Never Ever Put These 5 Scenes In Your Novel

If you are alive long enough (say 5 minutes or so), you begin to notice certain patterns in stories. Scenes that pop up in nearly every novel, movie or TV show. 

You want to avoid these scenes “like the plague” because they are: 

  • Predictable – readers see them coming a mile away 
  • Boring – we have seen them before therefore they generate less thrills and suspense
  • Lazy – Or at least they *appear* lazy 

That last reason deserves extra commentary. Writers default to common (trope?) scenes because they are easy. They leap to mind. They come first. 

Therefore, they indicate lazy thinking. 

And lazy thinking will kill your story “faster than a speeding bullet”. 

The 5 Scenes You Should Never Put In Your Novel 

1. Chasing Through The Airport

I’m pretty sure this scene is mandatory for the end of every romance story. I’m not even sure if you can legitimately call a story “romance” unless it has this scene. 

2. Win the Game At The Last Moment 

Same is true for every sports movie ever made. The end of the movie comes down to one point or goal or comeback punch. 

3. The Bad Guy Explains Everything 

Of course every bad guy (and girl) waxes eloquent for lengthy paragraph after paragraph, coincidently long enough to both info dump and give the protagonist enough time to cut thier conveniently thin ropes. 

4. Footchase Through Chinese Restaurant 

Pots and pans everywhere. Throw in some parkour because -why not- it looks awesome. 

5. Protagonist Searches Through an Old Building And Hears A Noise But It Is Just A Cat 

Cue cheesy horror movie music. Fake screams. Bad timing. 

BONUS 6: Bad Guy Dies…But No He’s Back

What do you have to do to kill a bad guy? It’s like every wannabe terrorist is half-Rasputin, half-Lazarus. 


Again, the fact that you can instantly recognize these scenes is evidence that they are overdone. 

They are the tropes of specific genres, scenes that get reused over and over so they lose all punch and power. 

Why The Number 5 Reveals The Hidden Truth About Celebrity Illuminati 

In retrospect, this should’ve been the title of this whole post because it’s freaking amazing.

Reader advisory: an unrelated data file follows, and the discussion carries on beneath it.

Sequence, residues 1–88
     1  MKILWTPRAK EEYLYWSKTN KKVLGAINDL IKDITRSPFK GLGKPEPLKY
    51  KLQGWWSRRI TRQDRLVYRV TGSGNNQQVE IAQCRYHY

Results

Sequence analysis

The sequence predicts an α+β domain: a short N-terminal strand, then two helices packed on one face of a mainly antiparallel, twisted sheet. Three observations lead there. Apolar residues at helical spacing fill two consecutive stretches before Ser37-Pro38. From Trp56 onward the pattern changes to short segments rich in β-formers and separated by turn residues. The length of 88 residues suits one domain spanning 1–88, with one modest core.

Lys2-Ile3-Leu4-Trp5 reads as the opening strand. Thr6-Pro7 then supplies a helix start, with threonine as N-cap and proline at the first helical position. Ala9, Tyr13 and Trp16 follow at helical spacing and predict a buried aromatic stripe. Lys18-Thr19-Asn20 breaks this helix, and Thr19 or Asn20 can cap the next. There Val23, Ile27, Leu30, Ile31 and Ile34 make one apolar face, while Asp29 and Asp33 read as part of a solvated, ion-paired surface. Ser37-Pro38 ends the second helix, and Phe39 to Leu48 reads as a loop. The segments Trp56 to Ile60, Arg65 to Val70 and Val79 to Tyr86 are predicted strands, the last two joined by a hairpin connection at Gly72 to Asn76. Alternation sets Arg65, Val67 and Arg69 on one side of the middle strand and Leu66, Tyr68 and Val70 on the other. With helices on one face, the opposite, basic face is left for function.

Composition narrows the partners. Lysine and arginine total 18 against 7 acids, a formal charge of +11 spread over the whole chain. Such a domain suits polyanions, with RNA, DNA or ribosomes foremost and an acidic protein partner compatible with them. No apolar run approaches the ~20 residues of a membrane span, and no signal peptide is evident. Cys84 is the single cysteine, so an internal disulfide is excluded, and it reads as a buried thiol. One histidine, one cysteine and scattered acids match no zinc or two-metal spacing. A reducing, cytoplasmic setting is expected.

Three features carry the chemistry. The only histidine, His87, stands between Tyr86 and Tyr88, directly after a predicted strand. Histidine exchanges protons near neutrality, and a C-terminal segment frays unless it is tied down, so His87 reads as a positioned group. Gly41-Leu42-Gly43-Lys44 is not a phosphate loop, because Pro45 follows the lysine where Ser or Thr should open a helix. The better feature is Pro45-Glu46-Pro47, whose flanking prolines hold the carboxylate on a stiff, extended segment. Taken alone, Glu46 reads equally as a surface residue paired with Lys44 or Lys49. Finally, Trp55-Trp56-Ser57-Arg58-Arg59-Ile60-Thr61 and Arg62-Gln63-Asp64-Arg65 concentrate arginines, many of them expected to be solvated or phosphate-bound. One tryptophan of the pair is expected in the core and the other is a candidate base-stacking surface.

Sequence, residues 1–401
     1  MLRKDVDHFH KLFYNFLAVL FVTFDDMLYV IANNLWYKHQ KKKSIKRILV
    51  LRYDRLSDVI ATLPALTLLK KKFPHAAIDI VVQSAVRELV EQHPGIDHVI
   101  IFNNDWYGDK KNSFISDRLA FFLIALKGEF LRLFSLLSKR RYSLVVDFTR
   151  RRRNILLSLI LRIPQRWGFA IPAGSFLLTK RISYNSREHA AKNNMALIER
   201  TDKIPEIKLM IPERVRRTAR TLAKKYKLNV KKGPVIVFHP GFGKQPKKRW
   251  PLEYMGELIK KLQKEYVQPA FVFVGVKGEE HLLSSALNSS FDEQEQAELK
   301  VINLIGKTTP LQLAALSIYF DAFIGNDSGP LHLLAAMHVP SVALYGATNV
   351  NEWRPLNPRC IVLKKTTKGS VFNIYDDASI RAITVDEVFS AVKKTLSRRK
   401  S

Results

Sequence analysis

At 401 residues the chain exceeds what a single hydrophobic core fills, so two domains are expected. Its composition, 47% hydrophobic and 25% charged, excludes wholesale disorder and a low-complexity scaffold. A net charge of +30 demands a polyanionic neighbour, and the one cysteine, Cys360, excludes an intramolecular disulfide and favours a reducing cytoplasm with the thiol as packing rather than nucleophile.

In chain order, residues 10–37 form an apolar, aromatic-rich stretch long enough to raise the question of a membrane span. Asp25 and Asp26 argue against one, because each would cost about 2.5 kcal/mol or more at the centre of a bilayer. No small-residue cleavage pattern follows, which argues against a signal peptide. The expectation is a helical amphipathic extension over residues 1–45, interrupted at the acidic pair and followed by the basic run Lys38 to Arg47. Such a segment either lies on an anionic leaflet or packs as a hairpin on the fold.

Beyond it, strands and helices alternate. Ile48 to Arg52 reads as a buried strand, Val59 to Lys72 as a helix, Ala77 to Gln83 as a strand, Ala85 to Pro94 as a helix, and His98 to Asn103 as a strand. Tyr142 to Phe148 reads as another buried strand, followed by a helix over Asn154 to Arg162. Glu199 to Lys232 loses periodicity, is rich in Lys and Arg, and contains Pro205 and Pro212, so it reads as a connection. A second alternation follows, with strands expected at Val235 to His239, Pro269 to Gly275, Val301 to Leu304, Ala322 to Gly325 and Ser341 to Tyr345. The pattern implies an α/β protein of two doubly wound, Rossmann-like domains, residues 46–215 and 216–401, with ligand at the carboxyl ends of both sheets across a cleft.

Honestly, this section of the post is really to say that there’s no significance in the number five. Quite the opposite actually.

The point of the post is to encourage you to avoid repeating scenes that you’ve seen in other stories.

A good way to remember this is:

                 Repitition = rejection

How Bestselling Authors Use These Scenes Anyway 

Now to completely contradict myself.

You may have noticed that many best-selling novels and blockbuster movies use similar scenes.

Emphasis on the word “similar“.

Great storytellers are aware of these common scenes and the expectations they create for readers.

Therefore, they write scenes that are similar enough to generate those same expectations and then twist them in some way to make them unique and personal and specific to the story.

Maybe instead of the airport chase scene, you have the male lead chasing a train on horseback. 

Maybe instead of the cat jumping out in the old house, it’s another monster or bad guy. Or maybe it’s another good guy and the first good guy shoots the second good guy, and now you have a second good guy bleeding out – and there’s still a bad guy somewhere.

How To Twist Trope Scenes Into Something New and Fresh

    • Choose a common scene
    • Outline how it usually plays out
    • Figure out audience expectations – what do readers think will happen?
    • Consider doing the opposite
    • Ask, “What would make things worse?”
    • Brainstorm as many different options as possible and keep the coolest one
    • Consider how the twist relates to the story and characters

    After going through this process, you can create dynamic scenes that are both familar and unique.

    This is one of the secrets of great storytelling – playing up expectations and manipulating them to create new and fresh surprises, and therefore experiences,  for the reader.

    Christopher is out chasing love interests through airports run by the Illuminati. Follow him on Twitter @Chris_Kokoski


    Christopher Kokoski is a speaker, trainer and author of Wicker Hollow and the Past Lives novel series.

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    Posted in books, creativity, screenwriting, writer, Writing
    3 comments on “Never Ever Put These 5 Scenes In Your Novel
    1. Do most readers want a surprise or do they just want the same old, same old? I have to say that, as a reader, I can read the hero’s journey over and over and over again with the same scenes in each story and not get tired of it. Sometimes I just want the familiar, and I’ll read an author who gives it to me.

      • Ah, I think we may be agreeing. I do believe readers crave a certain structure in their stories which may be what you are referencing when you mentioned the heroes journey. Without a structure like the heroes journey, readers can get frustrated and disinterested. If that’s what you mean, I totally agree. My point is that most readers want to read a different heroes journey rather than the same one over and over again with the same characters, dialogue and action. There’s plenty of room for creativity and variability within even the most structured stories. Thanks for your comment!

    2. […] Never Ever Put These 5 Scenes In Your Novel […]

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